Of bullets twenty children hit the floor.
For all of Rachel’s children, weep, oh weep.

I know we need to be realistic. How can a Hitler or ISIS be stopped? How can terrorism be countered? How do we stop the violent aggression of nations who want to possess more land and control trade? How do we deal with armed criminals? What happens when diplomacy seems to fail and enemies start shooting? I know we need to be realistic.

But what does it mean to be realistic? Is bombing Baghdad or Tripoli to smithereens the way to get rid of a despot? Is not working for peace more sane than preparing for war when you know that it will solve nothing and devour most of the national budget? Is training people to kill others a more realistic way to bring peace to the world than training them to work for peace? Is spending vast amounts on weapons a better way to protect our society than building homes, schools and hospitals? Does having a gun in your cupboard really protect you from criminals or prevent family members from shooting themselves or children or their playmates?

Jesus did not come to tell us that wars would cease, in fact he said there would be wars and rumors of war. He was a realist about human nature, well aware of the causes and consequences of violence and strife. But he taught us about an alternative way of being in the world. In the midst of a violent society ruled by a ruthless empire, he told them that peacemakers are blessed, that peacemakers are truly God’s children. He told his followers not to take up the sword even in his or their own defense. Was he crazy or was the world insane? Was he realistic or a starry-eyed dreamer? In a world gone mad, a world awash with guns, are not Jesus’ words the only bit of sanity left to celebrate and emulate?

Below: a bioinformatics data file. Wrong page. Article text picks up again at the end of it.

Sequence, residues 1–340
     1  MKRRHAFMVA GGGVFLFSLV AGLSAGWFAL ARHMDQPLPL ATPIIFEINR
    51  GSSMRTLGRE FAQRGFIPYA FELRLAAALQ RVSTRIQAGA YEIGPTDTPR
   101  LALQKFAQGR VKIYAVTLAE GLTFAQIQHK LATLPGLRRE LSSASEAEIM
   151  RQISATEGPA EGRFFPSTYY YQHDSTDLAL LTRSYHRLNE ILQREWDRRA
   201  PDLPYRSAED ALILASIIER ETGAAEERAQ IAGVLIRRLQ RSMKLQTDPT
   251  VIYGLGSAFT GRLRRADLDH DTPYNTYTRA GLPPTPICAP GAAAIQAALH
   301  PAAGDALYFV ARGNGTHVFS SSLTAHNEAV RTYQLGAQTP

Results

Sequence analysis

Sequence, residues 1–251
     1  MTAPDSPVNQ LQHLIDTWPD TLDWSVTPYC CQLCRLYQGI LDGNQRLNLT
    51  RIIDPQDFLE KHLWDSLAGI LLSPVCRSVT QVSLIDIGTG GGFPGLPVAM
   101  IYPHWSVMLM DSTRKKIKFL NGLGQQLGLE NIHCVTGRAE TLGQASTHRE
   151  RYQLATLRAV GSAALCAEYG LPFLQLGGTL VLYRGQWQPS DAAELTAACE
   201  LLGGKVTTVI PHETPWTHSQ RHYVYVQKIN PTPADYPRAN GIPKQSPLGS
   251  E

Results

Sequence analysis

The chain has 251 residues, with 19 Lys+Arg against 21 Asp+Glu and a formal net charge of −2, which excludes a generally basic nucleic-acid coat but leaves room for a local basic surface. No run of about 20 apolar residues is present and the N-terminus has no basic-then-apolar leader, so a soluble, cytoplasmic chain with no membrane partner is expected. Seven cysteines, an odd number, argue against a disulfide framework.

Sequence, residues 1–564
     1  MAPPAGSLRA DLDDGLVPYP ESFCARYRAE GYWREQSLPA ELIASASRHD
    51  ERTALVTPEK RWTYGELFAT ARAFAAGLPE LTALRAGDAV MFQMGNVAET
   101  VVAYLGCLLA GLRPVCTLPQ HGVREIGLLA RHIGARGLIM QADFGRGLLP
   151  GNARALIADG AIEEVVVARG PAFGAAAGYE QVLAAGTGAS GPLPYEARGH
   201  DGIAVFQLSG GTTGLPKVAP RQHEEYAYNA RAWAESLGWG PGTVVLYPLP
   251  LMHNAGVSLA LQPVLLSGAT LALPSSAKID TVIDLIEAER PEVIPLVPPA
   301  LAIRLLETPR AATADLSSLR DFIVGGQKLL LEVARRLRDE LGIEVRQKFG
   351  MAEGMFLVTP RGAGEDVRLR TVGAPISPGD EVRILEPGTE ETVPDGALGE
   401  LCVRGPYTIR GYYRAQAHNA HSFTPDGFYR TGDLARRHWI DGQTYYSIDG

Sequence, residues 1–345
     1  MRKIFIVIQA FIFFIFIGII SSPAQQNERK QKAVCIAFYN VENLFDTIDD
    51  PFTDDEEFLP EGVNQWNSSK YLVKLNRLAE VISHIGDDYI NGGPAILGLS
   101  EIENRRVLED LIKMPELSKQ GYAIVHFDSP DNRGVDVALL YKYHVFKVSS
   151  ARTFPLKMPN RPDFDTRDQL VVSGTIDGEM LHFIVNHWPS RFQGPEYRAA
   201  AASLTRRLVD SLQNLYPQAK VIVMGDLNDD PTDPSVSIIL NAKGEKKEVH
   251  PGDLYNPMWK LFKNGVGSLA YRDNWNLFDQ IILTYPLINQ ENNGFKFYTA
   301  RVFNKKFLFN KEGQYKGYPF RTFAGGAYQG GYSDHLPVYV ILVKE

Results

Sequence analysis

We have come here today to share the peace of Christ with each other, and therefore to commit ourselves as we go out into the world in Christ’s name not just to love peace, but to make it. We have come here to pray for justice, peace and the healing of people and nations, and witnessing to an alternative way of being human in the world. We may not be able to stop wars or the manufacturing of guns, but we can help create a climate of peace, we can help change the gun-made mindset around us, we can, in the words of St. Francis, be “instruments of God’s peace” sowing love rather than hatred. It is a tough ask, but it is essential to what it means to be Christian. “Blessed are the peacemakers, for they are the children of God.”

John W. de Gruchy is emeritus professor of Christian studies at the University of Cape Town in South Africa, and extraordinary professor at the University of Stellenbosch. This is a weekly meditation given at the Eucharist service at Volmoed Christian Community Centre, Hermanus. He writes at the Anabaptist Network in South Africa, where this originally appeared.